Pollen is the male germ cells of the flowering plants. Bees collect pollen to feed the young working bees that produce royal jelly, the exclusive food of the Queen Bee. The analysis of pollen has shown that it is indeed a food for gods - it is the richest and most complete food in nature! It contains 20% complete protein, all the water-soluble vitamins (with the exception of B12), 3 rich supply of minerals and trace elements, and enzymes and coenzymes. The other vital substances are so-called deoxiribosides and sterines, plus traces of steroid hormone substances. There is much research from various countries showing that pollen possesses remarkable medicinal properties. Swedish and French researchers have used it successfully in treatment of chronic prostate inflammation, hemorrhoids, digestive disorders, constipation, asthma, allergies hay fever, and colonic infections. It has been demonstrated that pollen increases the body's own immunity and also stimulates and rejuvenates its glandular activity. It has been used as a general tonic in convalescence and in the treatment of symptoms of aging. It is considered to be totally harmless.

Pollen is now sold in most health food stores. It used to be prohibitively expensive, but now several brands of imported pollen (one from Spain and an exceptionally high-quality pollen from Australia) are very reasonably priced. There are also available Swedish pollen preparations in tablet form. Ask your health food store for pollen granules (pellets) or pollen tablets.

Herbs For Hypoglycemia

Q. In your article on Hypoglycemia in the March issue of Let's LIVE, you gave a list of beneficial herbs, which included juniper berries.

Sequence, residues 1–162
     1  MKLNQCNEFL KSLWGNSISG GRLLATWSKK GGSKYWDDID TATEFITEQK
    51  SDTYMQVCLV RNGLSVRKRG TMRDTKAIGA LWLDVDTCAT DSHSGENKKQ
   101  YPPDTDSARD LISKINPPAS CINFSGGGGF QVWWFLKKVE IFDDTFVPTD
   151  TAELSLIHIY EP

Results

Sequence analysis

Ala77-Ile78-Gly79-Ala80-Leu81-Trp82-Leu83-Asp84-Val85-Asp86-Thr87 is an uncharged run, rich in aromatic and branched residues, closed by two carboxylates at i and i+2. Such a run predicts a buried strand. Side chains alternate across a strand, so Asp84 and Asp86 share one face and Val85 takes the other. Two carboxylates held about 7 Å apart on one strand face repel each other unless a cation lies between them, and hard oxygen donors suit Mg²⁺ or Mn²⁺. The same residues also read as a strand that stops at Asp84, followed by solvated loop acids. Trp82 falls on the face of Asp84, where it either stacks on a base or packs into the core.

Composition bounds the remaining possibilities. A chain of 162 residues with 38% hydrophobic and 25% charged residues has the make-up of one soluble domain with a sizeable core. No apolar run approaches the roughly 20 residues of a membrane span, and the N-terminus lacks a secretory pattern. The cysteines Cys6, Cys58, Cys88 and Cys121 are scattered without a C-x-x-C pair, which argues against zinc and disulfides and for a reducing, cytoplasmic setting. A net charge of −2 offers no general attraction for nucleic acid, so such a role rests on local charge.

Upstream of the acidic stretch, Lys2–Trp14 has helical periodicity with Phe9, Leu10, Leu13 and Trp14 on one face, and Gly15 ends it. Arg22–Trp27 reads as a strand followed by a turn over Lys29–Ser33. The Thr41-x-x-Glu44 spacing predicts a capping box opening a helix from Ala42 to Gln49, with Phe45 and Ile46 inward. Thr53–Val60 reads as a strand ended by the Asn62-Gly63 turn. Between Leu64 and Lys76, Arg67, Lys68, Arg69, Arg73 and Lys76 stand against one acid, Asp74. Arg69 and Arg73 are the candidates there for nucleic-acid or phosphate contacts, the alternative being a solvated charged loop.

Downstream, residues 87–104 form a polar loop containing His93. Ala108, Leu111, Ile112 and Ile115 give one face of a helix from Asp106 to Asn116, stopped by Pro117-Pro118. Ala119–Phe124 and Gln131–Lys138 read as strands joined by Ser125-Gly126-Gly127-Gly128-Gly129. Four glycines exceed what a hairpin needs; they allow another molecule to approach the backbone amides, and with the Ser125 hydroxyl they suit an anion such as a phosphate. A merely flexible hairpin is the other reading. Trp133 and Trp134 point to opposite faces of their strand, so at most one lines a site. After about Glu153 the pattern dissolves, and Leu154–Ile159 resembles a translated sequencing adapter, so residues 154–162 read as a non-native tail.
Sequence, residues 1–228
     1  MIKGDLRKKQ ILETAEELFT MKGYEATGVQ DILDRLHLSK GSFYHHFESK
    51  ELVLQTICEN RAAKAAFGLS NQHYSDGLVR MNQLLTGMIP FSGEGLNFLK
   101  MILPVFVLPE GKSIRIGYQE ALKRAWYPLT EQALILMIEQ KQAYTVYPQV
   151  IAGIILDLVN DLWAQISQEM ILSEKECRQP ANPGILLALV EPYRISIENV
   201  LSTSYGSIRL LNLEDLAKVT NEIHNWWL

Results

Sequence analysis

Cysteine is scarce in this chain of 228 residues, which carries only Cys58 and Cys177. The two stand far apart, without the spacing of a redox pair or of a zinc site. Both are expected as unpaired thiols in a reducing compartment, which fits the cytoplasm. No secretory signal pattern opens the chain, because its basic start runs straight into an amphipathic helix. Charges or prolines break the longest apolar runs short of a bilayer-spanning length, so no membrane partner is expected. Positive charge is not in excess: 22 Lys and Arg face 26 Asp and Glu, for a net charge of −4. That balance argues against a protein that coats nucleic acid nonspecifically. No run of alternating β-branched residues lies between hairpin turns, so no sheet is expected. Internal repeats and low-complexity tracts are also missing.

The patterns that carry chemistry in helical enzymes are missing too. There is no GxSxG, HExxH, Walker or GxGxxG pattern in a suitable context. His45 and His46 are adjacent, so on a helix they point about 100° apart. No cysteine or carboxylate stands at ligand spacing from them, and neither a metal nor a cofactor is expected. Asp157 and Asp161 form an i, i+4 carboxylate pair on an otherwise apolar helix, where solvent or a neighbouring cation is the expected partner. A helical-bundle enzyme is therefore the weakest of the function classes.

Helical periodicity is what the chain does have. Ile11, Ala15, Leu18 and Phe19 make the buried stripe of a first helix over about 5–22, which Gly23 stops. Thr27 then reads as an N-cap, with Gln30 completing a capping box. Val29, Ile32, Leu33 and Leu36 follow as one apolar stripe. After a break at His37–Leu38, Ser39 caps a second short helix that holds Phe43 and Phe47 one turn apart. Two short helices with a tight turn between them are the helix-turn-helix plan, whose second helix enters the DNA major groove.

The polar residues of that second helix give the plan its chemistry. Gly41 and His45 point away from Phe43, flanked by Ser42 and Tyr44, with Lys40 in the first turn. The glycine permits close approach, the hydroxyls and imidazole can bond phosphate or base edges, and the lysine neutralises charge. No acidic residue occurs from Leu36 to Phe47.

We live in a part of the country that is useless for growing anything except sagebrush and juniper trees. Now, is there any chance that these juniper berries that grow around here are the kind you are referring to? If so, how do we go about making them useable?

I am inclined toward diabetes, and have to watch my diet, so if it is possible to find help in our own backyard, it would be great. - Mrs. M.G., Alturas, CA.

A. The juniper berries used for hypoglycemia are not the regular common juniper berries, which likely are growing in your backyard, but Juniper Cedar berries. The botanical name is Juniperus Sabina Pinaceae. Make sure your herb is correct and authentic before you use it. When you buy from herbalists, give them the botanical name to avoid mix-up. Juniperus Sabina Pinaceae berries have a nourishing, regulating and stimulating effect on the pancreas and are useful in the treatment of both diabetes and hypoglycemia. Other specific herbs for hypoglycemia are: licorice root, Mexican wild yam, and golden seal. One herbal company from Utah put out a herbal formula combining all the above mentioned herbs. The formula is called HY-A. Your health food store may have it, or they can get it for you. '

Bloodshot Eyes

Q. I am grateful for your health magazine, Let's LIVE. Please allow me to request your nutrition information regarding my bloodshot eyes. - M.T.M., New York, NY.

A. Not knowing your age, health condition, nor the amount of stress to which your eyes are subjected, it is not possible to advise other than in a very general manner. In most cases of bloodshot eyes, vitamin B2 deficiency is indicated. In addition to my Optimum Diet, and the general vitamin and mineral supplementation, I would suggest taking the following vitamins that are specific for your condition:

This regimen usually clears eyes in a few weeks. And, if it doesn't you better check with your doctor for possible eye infection, which, in most cases, is characterized by itching in addition to redness.